"(MSNBC Video) Rachel Maddow reports on devastating and deadly flooding in North Carolina following Hurricane Matthew and notes concerns by environmentalists and flooded rivers that wash through farms and coal ash sites could spread toxins through miles of waterways."
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(AL AR FL GA KY LA MS NC PR SC TN)
"ST. AUGUSTINE, Fla. -- Joan Galasso walked through the empty wreck of the waterfront seafood restaurant she and her husband started a quarter-century ago and was horrified."
"The first major hurricane threatening a direct hit on the United States in more than 10 years lashed Florida on Friday with heavy rains and winds after killing at least 339 people in Haiti on its destructive march north through the Caribbean."
"Florida and Georgia have also called states of emergency for a storm that has pounded the Caribbean."
"LES CAYES, Haiti -- Haitians living in vulnerable coastal shacks frantically sought shelter as the strongest Caribbean storm in nine years, Hurricane Matthew, closed in on the southwestern peninsula, sending storm surges, wind and rain into seaside towns."
"The U.S. Commission on Civil Rights says coal ash ponds and landfills disproportionately affect poor and minority communities across the U.S. But that’s not what North Carolina officials found when they conducted their own 'environmental justice reviews' of two sites this year."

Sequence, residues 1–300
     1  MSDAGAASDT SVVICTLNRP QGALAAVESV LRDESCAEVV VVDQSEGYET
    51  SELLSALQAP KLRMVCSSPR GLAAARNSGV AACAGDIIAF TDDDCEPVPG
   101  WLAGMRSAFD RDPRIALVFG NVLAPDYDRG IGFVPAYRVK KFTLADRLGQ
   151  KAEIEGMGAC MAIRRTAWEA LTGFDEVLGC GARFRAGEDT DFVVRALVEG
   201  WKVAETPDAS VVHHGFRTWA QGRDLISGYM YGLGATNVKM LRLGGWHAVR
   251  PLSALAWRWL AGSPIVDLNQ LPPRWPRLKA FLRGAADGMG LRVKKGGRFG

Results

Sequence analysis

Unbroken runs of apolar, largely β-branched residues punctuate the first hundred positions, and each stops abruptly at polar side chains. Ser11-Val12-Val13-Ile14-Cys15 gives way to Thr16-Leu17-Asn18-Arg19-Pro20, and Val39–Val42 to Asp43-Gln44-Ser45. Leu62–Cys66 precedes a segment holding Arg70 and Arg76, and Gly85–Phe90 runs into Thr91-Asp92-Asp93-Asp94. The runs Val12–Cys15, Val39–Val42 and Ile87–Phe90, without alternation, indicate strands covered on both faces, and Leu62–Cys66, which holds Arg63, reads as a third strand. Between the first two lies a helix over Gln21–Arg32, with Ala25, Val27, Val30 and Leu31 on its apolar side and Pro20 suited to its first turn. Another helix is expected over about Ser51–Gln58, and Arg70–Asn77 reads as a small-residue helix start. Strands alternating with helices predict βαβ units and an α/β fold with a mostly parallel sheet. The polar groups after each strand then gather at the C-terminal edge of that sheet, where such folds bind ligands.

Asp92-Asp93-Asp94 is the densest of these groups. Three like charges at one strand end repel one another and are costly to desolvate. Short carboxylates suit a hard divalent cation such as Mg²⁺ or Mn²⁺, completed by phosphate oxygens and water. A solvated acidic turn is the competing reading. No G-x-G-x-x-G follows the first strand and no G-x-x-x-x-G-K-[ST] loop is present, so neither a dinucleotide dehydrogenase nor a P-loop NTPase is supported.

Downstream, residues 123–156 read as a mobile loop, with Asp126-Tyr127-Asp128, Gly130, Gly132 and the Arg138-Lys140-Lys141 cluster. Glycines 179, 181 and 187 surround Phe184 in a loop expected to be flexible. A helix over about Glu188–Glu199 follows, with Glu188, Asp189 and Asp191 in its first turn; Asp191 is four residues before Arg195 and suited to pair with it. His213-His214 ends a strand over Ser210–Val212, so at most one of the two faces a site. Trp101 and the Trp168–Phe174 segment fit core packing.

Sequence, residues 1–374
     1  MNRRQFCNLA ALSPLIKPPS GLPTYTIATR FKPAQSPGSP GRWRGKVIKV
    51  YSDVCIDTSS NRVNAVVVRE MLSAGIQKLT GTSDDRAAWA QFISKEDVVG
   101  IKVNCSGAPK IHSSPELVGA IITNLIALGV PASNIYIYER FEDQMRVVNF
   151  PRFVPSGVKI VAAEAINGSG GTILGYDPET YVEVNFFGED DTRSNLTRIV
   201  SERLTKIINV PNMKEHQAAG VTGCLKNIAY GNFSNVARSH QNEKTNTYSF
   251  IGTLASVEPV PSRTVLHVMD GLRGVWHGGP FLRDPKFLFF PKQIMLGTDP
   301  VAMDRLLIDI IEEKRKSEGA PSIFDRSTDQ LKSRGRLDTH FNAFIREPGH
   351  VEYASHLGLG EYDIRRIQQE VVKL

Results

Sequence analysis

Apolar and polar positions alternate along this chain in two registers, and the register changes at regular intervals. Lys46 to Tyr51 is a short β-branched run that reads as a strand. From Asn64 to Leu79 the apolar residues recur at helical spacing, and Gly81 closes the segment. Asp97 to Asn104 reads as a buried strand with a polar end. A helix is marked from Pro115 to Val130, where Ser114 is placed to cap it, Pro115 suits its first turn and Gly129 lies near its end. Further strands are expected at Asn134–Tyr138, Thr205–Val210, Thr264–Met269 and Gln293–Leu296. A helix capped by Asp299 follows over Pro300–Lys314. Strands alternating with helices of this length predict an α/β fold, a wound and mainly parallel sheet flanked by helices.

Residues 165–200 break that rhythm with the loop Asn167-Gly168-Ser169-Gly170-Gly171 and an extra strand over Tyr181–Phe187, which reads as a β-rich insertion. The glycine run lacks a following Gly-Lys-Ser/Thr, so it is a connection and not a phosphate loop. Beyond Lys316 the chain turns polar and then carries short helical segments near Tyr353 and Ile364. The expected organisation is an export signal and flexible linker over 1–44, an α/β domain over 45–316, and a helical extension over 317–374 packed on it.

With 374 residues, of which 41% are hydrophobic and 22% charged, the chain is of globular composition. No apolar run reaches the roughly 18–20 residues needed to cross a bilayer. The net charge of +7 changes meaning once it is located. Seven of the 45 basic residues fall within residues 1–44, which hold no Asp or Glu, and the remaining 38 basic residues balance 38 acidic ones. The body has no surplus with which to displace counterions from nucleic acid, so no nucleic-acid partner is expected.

"U.S. District Judge Terrence Boyle has temporarily restricted the federal government’s ability to remove red wolves from private property in North Carolina in a ruling issued Thursday that conservationists are cheering."
"Florida health officials who have been testing thousands of residents for Zika virus said Wednesday they found another infection: dengue virus."
Miami-Dade county had stiff-armed a request from the Herald for the information, and denied a FOIA request. The county claimed the information was exempt for public health reasons. Photo: © Clipart.com.
"The 2010 Deepwater Horizon oil spill has been called one of the worst environmental disasters in American history — and more than six years later, scientists are still investigating how much damage it actually caused. Now, a new study suggests the spill may have permanently marred one of the Gulf shore’s most important ecosystems. "